A news story entitled “Dark family secret unravels in Cheyenne” (Casper Star-Tribune, Oct. 13) is a thought-provoking tale of a father who killed his 17-year-old daughter who was apparently schizophrenic in 1937, when treatment of mental illness was nothing like it is today.
When Suzanne Handler decided to research the truth of stories that her grandfather had killed her aunt and then the family covered it up, she discovered a story that is almost unimaginable today. Almost.
Teenager Sally Levin’s behavior began to worry her family in the 1930s, when even the language for mental illness was different. She was diagnosed with “dementia praecox,” which is apparently close to today’s schizophrenia.
Family stories recounted her trying to burn the house down, and then pleading with her father to kill her.
In a shocking development, her father Sam took her out to land that is now on the Warren Air Force Base, where he shot and killed her, then tried to kill himself, only to survive two self-inflicted gunshot wounds and a stab wound.
He was tried and received a suspended sentence, family members left Cheyenne for California and the story of Sally Levin stayed secret for the next 54 years.
It took a niece’s resolve to track down the truth about her family to bring the story to light in a book published last year, “The Secrets They Kept: The True Story of a Mercy Killing That Shocked a Town and Shamed a Family.”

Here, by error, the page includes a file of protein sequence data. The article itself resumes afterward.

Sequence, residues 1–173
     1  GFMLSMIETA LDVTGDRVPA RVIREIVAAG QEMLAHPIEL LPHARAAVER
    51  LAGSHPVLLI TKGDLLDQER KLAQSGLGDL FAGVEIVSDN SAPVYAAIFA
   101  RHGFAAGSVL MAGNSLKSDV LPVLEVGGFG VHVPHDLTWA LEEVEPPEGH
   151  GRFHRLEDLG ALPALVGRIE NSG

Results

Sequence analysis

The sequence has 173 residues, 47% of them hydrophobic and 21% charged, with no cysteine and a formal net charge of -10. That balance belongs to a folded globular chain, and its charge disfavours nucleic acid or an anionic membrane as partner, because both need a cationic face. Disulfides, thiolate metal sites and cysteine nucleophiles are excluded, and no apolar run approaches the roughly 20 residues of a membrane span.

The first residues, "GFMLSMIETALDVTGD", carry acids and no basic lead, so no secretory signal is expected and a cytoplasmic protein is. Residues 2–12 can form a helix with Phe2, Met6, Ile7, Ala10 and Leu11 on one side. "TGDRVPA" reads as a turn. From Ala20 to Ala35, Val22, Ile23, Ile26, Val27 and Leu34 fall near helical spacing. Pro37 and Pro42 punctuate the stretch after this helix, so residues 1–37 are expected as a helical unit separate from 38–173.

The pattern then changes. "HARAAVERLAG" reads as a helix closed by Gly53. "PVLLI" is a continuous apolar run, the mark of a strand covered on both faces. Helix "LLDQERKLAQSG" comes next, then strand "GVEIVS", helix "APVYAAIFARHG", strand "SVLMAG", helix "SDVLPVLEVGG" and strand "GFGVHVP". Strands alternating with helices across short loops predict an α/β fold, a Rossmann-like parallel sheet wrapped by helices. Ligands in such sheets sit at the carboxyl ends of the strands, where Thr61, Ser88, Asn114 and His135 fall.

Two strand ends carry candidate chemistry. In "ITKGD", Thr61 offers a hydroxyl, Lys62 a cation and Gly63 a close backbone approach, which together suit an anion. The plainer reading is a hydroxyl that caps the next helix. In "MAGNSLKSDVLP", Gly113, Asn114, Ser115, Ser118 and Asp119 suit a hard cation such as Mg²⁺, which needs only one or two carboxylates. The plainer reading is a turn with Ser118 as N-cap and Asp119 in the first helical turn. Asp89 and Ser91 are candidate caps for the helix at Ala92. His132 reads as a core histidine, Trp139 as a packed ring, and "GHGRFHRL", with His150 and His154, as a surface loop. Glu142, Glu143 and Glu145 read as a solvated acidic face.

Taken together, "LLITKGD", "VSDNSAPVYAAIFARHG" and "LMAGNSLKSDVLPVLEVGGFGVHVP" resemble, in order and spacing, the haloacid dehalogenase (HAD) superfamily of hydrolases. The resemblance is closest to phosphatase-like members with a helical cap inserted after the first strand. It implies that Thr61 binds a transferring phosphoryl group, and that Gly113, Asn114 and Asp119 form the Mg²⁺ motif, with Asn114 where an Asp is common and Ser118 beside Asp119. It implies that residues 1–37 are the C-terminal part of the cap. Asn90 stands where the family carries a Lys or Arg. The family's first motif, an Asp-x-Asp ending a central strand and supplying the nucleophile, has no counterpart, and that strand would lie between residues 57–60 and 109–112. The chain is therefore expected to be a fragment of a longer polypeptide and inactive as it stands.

Set against that story, it’s useful to analyze how Wyoming handles its mentally ill youth today.
The answer is, in part, discouraging.
Despite the creation of treatment centers in regions of the state and school-based counseling, the need for treatment in Wyoming’s small towns can be largely unmet due to rural health care challenges.
All counties in Wyoming are geographically designated mental health services shortage areas.
At times in the past 10 years there have been efforts to improve access to mental health care.
A Select Committee on Mental Health and Substance Abuse Services was created by the Wyoming Legislature to evaluate how well mental illness is treated in the state. In 2009 the committee successfully introduced and passed legislation appropriating just under $1 million for mental health crisis stabilization services in two regions, the Basin and Southeast regions.
The legislation also identified five regions in the state for regionalized funding for mental health and substance abuse services.
One clear step forward from how young Sally Levin was treated in 1937 is that mental illness in children is now being discussed and measured.
In 2011-12 the Annie E. Casey Foundation identified 22,000 Wyoming children, 18 percent, as “Children ages 2 to 17 with a parent who reports that a doctor has told them their child has autism, developmental delays, depression or anxiety, ADD/ADHD, or behavioral/conduct problems.”
This is many steps forward from what happened in Cheyenne in 1937 when a teenaged girl was killed and her story lost for a half century.
Just last month, her niece took steps to remember her, adding a new marker to her long-forgotten grave in Cheyenne.
A grave marker and a book now mark her life.
For the teenagers living in Wyoming now with schizophrenia or other mental illnesses, much better is expected and often delivered. And while awareness and treatment options took leaps forward, the state still must wrestle with its shortage of providers for young people with mental health challenges, 76 years after Sally Levin’s murder in Cheyenne.